Minidoka National Wildlife Refuge
A white pelican colony on Minidoka National Wildlife Refuge
Minidoka National Wildlife Refuge is centered around Lake Walcott in the Snake River Plain, about 12 miles northeast of the town of Rupert. The refuge stretches about 25 miles upstream from Minidoka Dam with maybe 80 miles of shoreline around the lake, encompassing some 20,699 acres. About half the property is open water and wetlands, the other half is low, rolling uplands with scattered outcroppings of basalt among sagebrush, native grasses and small stands of juniper. The wetlands has a lot of bulrush marsh and cattail habitat around the bays of the lake. Almost rimming the whole shoreline are stands of cottonwood, willows and other trees.
This is a large refuge that can see upwards of 100,000 birds in the late summer and early fall migration season along the Pacific Flyway. Among the regular visitors to Minidoka: mallards, Canada geese, redhead, pintails, wigeons and gadwalls. A lot of these birds come to Lake Walcott to molt in July, August and September. More than 230 species of birds have been documented at Minidoka National Wildlife Refuge and the refuge is a designated Bird Area of Global Importance. Minidoka NWR is also a regular wintering spot for bald eagles.
There are nesting colonies of Clark's and western grebe, great blue heron, double-crested cormorant, black-crowned night heron, snowy egret, California gull, American white pelican and the odd cattle egret or great egret. During season, a lot of nesting areas at Minidoka NWR are closed to the public so as not to disturb nesting birds.
More than 500 tundra swans also visit the refuge during the spring and fall migrations. Beneath much of the open water of the reservoir are shallow beds of submergent aquatic vegetation. The water tends to be warm and supports the growth of "trash" fish. The vegetation and fish attract colonial nesting bird species. The fish also support a healthy population of mink and river otters.
Among the year-round inhabitants of the area you'll find mule deer, pronghorn, beaver, muskrat, raccoon, striped skunk, coyote, cottontail, porcupine, ring-necked pheasant, gray partridge and sage and sharp-tailed grouse. More rare are elk, moose, bobcat and cougar.
Mule deer at Minidoka NWR
The Utah valvata, an endangered snail, lives in the reservoir. You might also find a species of special concern, the Idaho dunes tiger beetle, hanging out in the refuge sand dunes area. This is a semi-arid climate with most of its precipitation arriving as snow. Summers are hot and dry with a thunderstorm season and heavy rains. Winters aren't too cold but they tend to be windy. Elevation: 4,200'.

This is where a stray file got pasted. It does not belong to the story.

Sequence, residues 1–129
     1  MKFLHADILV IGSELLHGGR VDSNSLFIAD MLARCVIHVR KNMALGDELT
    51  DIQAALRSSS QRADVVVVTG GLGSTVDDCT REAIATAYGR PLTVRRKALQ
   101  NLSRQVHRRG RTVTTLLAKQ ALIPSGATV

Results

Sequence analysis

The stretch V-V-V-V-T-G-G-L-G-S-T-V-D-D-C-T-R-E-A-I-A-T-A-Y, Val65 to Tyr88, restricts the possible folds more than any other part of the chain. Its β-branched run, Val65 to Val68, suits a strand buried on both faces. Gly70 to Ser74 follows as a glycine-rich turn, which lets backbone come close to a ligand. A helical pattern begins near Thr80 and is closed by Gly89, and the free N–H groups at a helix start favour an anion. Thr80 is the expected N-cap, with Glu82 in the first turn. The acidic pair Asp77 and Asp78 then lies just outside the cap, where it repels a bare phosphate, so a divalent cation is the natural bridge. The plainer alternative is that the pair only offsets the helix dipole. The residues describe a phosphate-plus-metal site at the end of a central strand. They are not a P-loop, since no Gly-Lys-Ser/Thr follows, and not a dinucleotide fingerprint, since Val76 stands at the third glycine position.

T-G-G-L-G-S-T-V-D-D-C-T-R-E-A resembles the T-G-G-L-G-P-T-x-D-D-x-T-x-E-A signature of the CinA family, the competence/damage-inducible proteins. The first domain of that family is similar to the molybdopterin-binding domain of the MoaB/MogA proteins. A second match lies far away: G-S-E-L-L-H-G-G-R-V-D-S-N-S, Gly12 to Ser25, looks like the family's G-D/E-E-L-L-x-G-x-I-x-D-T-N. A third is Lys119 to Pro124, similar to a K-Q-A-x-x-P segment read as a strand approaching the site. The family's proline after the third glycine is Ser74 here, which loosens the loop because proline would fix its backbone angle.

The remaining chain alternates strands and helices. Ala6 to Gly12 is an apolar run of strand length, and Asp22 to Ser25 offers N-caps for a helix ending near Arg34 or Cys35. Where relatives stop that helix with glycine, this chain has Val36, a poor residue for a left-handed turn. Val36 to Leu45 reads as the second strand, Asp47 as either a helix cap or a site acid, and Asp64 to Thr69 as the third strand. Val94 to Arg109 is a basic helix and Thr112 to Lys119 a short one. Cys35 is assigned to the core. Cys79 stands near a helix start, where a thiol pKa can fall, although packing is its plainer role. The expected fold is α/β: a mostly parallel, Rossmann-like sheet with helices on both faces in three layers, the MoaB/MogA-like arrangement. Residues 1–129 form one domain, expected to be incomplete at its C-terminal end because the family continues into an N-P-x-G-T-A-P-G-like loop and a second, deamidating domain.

Construction of Minidoka Dam on the Snake River began in 1904. The main reasons for building the dam were to provide water for irrigation purposes and to provide hydroelectric power for the area. While the reservoir was still filling, the area began attracting large numbers of migratory birds and other wildlife. In 1909, President Theodore Roosevelt ordered the creation of Minidoka National Wildlife Refuge as one of the very first in a series of national wildlife refuges. He created these National Wildlife Refuges using executive order stating that it was important to set aside refuges like these as "preserves and breeding grounds for native birds." Over the years, Presidents Taft, Hoover and Roosevelt added more land to Minidoka and increased the number of names on the list of protected wildlife welcome here.
For human visitors the refuge offers access to water activities on the reservoir. Sensitive areas are closed to boating but many folks come for the fishing. Limited hunting is allowed in season and in designated areas only. Camping and campfires are allowed at Lake Walcott State Park, wholly enclosed within Minidoka National Wildlife Refuge (near Minidoka Dam). For hikers there is a short paved trail near the entrance with another graveled trail on the east side of the boat ramp. Most of the land area of the refuge is open to hiking but there are no marked or maintained trails. The refuge is open to the public from sunrise to sunset daily but the office tends to be closed when personnel are in the field.
To get there: from Rupert follow Idaho Highway 24 northeast. In Rupert you'll need to watch the signs closely because it's not a straight route. About 5.5 miles northeast of Rupert you'll turn right on the Minidoka Dam Road and follow that into the refuge. From Interstate 86 there are a couple options. From the Raft River exit (exit 15) you can follow the signs on the north side of the Interstate to the boat ramp at Gifford Springs. Or you can exit at Cold Water (exit 21) and take the gravel road on the north side of the Interstate to the refuge entrance. There's another route to the refuge from Old Highway 30 on the south side of the reservoir.